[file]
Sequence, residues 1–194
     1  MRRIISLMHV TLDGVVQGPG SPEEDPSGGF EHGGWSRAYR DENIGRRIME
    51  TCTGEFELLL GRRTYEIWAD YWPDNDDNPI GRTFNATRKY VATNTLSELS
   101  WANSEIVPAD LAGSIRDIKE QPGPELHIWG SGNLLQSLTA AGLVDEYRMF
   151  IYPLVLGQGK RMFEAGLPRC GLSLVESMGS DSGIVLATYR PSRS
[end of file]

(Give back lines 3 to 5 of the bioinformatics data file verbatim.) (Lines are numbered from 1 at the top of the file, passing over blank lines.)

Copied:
    51  TCTGEFELLL GRRTYEIWAD YWPDNDDNPI GRTFNATRKY VATNTLSELS
   101  WANSEIVPAD LAGSIRDIKE QPGPELHIWG SGNLLQSLTA AGLVDEYRMF
   151  IYPLVLGQGK RMFEAGLPRC GLSLVESMGS DSGIVLATYR PSRS